July 12, 2014
Saturday, 3:00 p.m.
Letter #339: Living in Victory
When I began teaching piano at age 15, just two students were willing to take a chance on me. Those poor kids eventually learned a little about piano, and I learned a lot about teaching. Those first months taught me volumes that served me well in later years.
I feel as if I’m back at the beginning again, learning how to teach, to motivate, to mentor. Except instead of teaching two obedient home-school boys how to play a diatonic run in sevenths (I never actually taught them how to do that; it was just so I’d sound impressive), I’m teaching career criminals how to love God and live for Him.
I’m such an imperfect, flawed mentor-motivator that it makes me feel sorry for the guinea pigs (not actual guinea pigs) I work with. I can only pray to be what is needed, say what is needed, push where it is needed, and wait where it is needed. So much more is at stake than an imperfectly-played sonatina or concerto. Character, relationships, lives, future … these are the stakes, and losing is not an option.
For over a month, including the entire month of June, Joe went through a deep valley. He’d weathered the news of his mom’s death, but hadn’t really faced it. As the reality sank in and hopelessness grew, Joe’s world seemed to cave in on him. Despondent and discouraged, he grew distant from me and stopped participating in our daily devotional time we would spend reading the Bible and praying together.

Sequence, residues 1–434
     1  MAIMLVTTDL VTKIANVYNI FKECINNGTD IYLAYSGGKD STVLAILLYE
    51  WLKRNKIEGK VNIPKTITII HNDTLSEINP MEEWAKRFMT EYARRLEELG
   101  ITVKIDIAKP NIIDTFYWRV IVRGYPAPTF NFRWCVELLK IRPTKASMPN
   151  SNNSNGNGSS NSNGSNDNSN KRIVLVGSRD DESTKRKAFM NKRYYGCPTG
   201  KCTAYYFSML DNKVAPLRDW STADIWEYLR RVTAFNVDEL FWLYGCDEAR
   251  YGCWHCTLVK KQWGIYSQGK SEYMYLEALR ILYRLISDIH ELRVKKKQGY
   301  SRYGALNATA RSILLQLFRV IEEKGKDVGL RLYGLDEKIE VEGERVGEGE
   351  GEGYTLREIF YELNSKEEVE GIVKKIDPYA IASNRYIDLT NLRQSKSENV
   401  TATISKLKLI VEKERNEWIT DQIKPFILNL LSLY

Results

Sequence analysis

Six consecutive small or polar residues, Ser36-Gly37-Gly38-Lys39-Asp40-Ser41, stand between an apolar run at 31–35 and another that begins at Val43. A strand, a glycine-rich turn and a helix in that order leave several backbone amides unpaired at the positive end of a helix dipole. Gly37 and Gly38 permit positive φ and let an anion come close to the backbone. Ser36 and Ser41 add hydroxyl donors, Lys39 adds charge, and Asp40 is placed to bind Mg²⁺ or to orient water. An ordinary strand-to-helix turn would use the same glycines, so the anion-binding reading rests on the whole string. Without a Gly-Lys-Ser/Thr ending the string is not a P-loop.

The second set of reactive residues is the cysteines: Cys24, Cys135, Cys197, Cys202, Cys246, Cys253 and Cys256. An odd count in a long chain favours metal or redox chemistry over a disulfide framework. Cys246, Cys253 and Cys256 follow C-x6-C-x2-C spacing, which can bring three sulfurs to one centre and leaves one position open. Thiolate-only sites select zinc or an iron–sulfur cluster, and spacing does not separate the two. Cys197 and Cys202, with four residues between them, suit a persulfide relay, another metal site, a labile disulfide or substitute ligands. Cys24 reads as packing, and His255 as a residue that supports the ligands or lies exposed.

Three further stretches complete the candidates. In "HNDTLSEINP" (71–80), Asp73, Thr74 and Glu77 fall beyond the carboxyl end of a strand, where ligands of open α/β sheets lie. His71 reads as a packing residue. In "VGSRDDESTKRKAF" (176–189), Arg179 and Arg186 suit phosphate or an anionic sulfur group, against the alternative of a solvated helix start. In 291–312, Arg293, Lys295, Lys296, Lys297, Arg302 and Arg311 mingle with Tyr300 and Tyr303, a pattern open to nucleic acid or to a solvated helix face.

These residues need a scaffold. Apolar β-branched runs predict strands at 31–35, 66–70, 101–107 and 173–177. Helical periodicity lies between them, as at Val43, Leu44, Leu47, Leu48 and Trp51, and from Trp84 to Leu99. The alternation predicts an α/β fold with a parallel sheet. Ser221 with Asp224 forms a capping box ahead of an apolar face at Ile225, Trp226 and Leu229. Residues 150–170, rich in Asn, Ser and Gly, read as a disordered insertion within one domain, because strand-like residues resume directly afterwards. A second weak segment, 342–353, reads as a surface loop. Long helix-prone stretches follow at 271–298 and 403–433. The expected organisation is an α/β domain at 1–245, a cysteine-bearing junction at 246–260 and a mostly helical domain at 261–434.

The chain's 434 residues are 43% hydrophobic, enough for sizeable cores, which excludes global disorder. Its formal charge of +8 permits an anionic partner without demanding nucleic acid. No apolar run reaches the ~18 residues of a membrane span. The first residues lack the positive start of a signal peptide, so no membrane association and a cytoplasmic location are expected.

As his cellie, I felt every bump in the road. It seemed as if every event in the day made him irritable, and I was no longer a go-to source of encouragement and help for him. Instead, he sought out closer friendships with guys who, let’s just say, aren’t very nice.
Not only did church services become a thing of the past, Joe avoided any interaction with the Christians in our pod. He was miserable, and I felt powerless to help him. I tried to respond as kindly as I could, no matter what, but I recognized this season in Joe’s life as a spiritual problem, not simply a character problem. So, I prayed.
I kept the stress and worry of it all inside, though many guys here asked me about Joe’s change in attitude. I believed God would get the victory, but Satan was trying one last-ditch effort to drag Joe down in defeat.
As I finally let you all in on the difficulties we were facing, I was hopeful, but not much. My energy was down, and I needed a re-charge. To make matters worse, the process to get my letter typed up here got delayed, and my letters didn’t get sent out promptly from the prison. But before my dad even told me that my letter was sent out to you, I knew. I could tell immediately that my family was praying, for me, for Joe.
The next day, Joe told me that he was tired of living the way he’d been living, without God. He said he knew he needed to change, to get back into studying and praying. This went on for a week; every day I’d let him know that I was available whenever he wanted to do devotions or pray, and every day he’d tell me he wanted to, but not now.
Then, finally, a week ago, I got Joe back, except different. He’s started keeping goals, reading Christian books, and unbelievably, he’s happy. All day long. I couldn’t be happier for him.
My mom told me that one of her Sunday School kids came up to her a couple of weeks ago. This sweet girl, Sarah, told her that after their family had written to Joe, Joe responded. “We just got a letter from Joe!” she’d said.
My mom asked Sarah to please pray for Joe, because he was having a tough time, and she said she would. Thank you, Sarah! God answers prayers.
Thank you for those of you who pray and love and serve God. We notice.